American scientists have found that human papillomavirus can spread through the blood to rabbits and mice. In light of these findings, the researchers suggest that the papilloma virus can be transmitted through human blood.
Human papilloma virus (HPV) is the most common sexually transmitted disease. Often it is estimated that 8 out of 10 women are exposed to the virus for life. According to the World Health Organization (WHO), the virus is most often transmitted when the sexual activity of an individual begins.
HPV is often harmless and disappears on its own, but sometimes it can progress to genital warts or cervical or oral cancer. But scientists at the University of Pennsylvania say sex may not be the only contagion.
The presence of PVH virus was actually detected in the blood of animal models after conducting experiments on mice and rabbits. As the name suggests, HPV cannot be transferred directly to animal models, especially as humans. However, there are several variants of papilloma virus in fairly similar animals that help to understand how the virus works in the human body.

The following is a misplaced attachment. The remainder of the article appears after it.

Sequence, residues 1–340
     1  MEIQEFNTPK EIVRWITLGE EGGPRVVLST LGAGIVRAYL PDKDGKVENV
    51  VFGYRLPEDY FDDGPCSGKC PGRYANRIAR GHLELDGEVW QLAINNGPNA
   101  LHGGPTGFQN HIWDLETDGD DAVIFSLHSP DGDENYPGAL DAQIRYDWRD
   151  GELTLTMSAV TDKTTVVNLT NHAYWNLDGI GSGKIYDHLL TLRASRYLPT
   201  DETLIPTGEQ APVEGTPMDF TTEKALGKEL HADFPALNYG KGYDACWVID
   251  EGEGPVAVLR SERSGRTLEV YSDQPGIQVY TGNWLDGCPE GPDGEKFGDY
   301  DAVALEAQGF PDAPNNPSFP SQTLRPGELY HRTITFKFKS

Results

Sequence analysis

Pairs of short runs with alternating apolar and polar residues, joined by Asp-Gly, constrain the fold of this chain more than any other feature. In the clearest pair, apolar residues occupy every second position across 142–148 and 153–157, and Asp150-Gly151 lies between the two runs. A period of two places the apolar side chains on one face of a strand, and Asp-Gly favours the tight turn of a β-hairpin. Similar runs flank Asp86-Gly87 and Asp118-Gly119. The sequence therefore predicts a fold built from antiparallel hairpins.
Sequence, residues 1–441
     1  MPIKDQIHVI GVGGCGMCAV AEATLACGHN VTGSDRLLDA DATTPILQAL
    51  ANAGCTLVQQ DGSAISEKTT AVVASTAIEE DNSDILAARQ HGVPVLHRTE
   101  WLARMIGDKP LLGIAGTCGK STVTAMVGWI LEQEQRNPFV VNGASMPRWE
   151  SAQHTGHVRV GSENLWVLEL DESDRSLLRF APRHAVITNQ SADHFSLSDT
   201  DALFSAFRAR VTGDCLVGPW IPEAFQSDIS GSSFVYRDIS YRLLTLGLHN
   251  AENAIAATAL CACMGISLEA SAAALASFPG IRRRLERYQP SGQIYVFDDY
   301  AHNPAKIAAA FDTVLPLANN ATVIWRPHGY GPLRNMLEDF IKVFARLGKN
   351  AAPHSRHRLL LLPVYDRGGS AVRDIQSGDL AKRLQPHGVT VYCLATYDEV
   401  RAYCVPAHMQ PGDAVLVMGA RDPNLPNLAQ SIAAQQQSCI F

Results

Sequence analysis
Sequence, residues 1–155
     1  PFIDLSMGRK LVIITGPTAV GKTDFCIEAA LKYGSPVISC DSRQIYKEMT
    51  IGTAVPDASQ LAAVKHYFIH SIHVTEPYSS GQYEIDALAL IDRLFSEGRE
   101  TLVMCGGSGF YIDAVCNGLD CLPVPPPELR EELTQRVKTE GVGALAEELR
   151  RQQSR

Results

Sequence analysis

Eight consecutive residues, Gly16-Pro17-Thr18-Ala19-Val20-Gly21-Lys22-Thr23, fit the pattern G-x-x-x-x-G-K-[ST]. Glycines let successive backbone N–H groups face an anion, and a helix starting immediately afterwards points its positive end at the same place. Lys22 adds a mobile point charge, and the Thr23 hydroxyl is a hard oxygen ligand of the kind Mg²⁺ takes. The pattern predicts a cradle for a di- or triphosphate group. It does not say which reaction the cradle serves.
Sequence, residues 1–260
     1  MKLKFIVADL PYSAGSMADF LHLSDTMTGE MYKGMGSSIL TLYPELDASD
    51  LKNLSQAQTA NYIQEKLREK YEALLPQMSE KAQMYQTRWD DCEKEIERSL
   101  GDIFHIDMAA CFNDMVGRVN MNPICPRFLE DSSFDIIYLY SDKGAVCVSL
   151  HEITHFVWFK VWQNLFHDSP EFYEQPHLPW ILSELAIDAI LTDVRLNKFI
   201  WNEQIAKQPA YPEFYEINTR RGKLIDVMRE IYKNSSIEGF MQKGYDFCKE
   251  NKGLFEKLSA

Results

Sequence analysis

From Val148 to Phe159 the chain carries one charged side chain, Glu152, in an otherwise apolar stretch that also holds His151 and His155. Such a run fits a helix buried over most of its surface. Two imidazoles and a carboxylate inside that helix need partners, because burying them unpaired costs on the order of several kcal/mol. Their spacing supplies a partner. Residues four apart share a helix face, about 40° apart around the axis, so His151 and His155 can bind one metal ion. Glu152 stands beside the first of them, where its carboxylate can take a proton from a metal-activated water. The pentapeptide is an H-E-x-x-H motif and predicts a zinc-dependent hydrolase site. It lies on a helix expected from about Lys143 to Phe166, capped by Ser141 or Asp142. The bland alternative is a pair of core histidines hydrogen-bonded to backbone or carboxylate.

Traces of the genital and stomach viruses
In this home, suppose that scientists published in the journal Emerging Microbes & Infections have injected the virus into the bloodstream of rabbits. Four weeks later, tumors appeared in these animals, and the researchers say that there was evidence that the virus caused infection across the bloodstream.
To find out if a virus transmitted by blood can cause infections of the mucous membranes, especially if it can cause cervical cancer, the researchers continued to experiment with mice. They found that it was found not only in the virus found on the mucous membranes of the tongue or genitals, but also in the stomach.
The question remains whether this virus can be transmitted during blood transfusion. Jiafen Hu said, “Many people with asymptomatic HPV still have the potential to spread the virus. If someone receives a blood transfusion due to a health problem, you should not accidentally add another person. Assistant Professor of Pathology and Laboratory Medicine, Penn State School of Medicine.